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San Diego's Pension Reform & The Next Mayor: Implementing Prop B

by Cassidy Noblejas Bartolomei, published

KUSI’s mayoral debate on Monday covered a diverse range of issues that either Bob Filner or Carl DeMaio must work to resolve; among these issues, the implementation of Prop B. In order for the proposition to benefit San Diego, cooperation between the mayor, council members, and community members will be of the utmost importance.

Unsurprisingly, Filner and DeMaio have vastly different histories with Prop B. Regardless of previous opinions on the pension reform initiative, however, San Diego’s next mayor must implement Prop B, which voters passed with 65.81 percent in June.

Without constructive compromise in City Hall and with labor unions, San Diego is at risk of prolonging the current hiring freeze, which has halted the addition of firefighters, librarians, and other key city positions since June.

San Diego’s pension reform process is also subject to state intervention if local resolutions are not agreed upon. Assembly Bill 1248, approved by Governor Jerry Brown on September 30, requires that San Diego provide federal social security coverage for employees who are not covered by a defined benefit plan.

The approval of an interim 401(k) plan was celebrated as “a milestone in the implementation of Prop B,” by members of City Hall earlier this month. The temporary plan was agreed upon by the city and labor unions in mid-August, and was approved unanimously by City Council and labor unions on October 2.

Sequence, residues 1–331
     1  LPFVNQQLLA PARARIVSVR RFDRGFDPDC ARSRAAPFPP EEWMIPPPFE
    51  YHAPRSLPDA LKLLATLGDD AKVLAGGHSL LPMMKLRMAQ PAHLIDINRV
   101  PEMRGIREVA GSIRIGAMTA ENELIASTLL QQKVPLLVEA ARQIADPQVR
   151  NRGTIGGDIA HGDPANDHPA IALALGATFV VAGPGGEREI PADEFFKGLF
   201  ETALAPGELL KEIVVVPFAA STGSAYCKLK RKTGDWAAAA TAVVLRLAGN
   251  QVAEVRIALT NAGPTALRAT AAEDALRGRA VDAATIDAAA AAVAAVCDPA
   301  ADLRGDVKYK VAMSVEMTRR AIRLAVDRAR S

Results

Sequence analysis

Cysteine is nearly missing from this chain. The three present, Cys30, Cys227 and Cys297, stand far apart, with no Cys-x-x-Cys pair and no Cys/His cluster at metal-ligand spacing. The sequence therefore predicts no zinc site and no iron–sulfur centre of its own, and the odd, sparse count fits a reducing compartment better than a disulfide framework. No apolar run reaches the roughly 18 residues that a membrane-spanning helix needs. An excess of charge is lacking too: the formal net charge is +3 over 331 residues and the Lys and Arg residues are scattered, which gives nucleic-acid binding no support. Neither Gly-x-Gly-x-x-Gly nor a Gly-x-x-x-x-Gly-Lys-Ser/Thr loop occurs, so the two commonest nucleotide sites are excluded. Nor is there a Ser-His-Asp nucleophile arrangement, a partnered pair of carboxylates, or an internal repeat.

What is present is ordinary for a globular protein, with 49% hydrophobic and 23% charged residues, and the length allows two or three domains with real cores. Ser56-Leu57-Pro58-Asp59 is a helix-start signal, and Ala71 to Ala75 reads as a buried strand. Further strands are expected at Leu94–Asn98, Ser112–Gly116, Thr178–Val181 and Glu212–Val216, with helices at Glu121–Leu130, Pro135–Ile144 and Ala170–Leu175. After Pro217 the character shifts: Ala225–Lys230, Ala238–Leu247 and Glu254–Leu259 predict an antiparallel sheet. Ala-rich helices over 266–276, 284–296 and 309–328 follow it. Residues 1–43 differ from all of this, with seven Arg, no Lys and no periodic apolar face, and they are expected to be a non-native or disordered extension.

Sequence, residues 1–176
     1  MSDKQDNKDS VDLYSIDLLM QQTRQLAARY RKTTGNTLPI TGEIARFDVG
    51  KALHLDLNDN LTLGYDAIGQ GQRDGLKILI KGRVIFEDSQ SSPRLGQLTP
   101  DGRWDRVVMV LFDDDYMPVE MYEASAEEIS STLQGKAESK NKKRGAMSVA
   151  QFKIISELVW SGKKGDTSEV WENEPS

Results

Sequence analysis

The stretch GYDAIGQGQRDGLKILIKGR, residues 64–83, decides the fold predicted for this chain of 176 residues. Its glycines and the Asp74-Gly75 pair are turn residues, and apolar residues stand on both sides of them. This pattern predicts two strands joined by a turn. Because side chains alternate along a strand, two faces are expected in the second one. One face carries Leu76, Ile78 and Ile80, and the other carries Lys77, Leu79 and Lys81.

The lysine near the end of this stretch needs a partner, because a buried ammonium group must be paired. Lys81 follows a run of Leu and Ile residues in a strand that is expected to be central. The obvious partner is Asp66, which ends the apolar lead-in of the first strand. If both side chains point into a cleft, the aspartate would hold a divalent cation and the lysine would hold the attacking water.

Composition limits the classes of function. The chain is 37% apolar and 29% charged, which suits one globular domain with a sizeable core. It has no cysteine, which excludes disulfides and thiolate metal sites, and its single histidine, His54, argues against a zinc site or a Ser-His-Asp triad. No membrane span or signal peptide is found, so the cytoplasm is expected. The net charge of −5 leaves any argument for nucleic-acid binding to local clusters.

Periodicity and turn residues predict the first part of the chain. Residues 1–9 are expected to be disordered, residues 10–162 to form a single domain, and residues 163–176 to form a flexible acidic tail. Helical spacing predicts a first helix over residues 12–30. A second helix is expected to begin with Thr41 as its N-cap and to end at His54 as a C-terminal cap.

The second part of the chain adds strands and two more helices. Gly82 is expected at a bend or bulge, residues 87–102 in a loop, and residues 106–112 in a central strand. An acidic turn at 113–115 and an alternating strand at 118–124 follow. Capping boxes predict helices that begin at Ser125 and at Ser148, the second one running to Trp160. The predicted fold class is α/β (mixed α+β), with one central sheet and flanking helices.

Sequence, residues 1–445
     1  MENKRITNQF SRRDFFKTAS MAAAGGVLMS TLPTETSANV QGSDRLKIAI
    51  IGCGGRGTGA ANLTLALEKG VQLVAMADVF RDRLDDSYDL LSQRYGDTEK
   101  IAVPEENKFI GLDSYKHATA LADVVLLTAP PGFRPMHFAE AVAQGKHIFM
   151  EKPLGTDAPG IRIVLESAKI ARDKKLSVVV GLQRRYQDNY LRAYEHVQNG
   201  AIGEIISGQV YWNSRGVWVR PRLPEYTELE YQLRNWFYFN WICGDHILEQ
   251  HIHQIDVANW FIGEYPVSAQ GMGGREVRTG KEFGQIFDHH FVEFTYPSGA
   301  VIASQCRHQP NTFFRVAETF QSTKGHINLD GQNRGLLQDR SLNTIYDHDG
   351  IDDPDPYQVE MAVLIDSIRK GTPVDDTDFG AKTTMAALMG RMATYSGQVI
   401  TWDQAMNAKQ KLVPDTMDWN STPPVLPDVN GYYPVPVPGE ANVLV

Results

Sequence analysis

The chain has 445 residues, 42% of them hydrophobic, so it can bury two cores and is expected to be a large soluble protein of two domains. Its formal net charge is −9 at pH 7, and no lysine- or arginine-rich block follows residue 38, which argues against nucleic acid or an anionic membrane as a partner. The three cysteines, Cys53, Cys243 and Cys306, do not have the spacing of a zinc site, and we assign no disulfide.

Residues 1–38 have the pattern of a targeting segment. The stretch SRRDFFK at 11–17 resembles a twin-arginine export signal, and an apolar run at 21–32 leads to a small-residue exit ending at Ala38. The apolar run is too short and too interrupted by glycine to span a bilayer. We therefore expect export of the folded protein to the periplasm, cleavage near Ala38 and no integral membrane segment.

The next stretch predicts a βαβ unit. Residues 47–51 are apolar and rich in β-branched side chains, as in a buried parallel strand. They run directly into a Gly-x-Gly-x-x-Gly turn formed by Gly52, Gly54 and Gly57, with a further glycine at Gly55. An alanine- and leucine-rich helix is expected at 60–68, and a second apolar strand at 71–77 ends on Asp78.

This milestone, however, is but one step in the pension reform process. Mayor Jerry Sanders thanked city staff and city labor unions for agreeing on the terms of the temporary plan, which allows the city to move forward with the implementation of Prop B.

The bipartisan, cross-community consensus reached in order to approve the interim 401(k), left Mayor Sanders feeling optimistic about San Diego’s road to reform and he stated, “I am hopeful that this spirit of cooperation will continue as both sides hammer out a permanent 401-K plan.”

If elected mayor, DeMaio may be a step ahead of Filner in continuing the implementation process that is already underway, due to his involvement in the initiative since its inception. Filner argued, however, that if he were to become mayor, his relationship with city workers will allow him to negotiate a better five year pay freeze, and that DeMaio can’t get the negotiating done. DeMaio rebutted, “We are getting it done,” highlighting the progress he and City Hall have already made.

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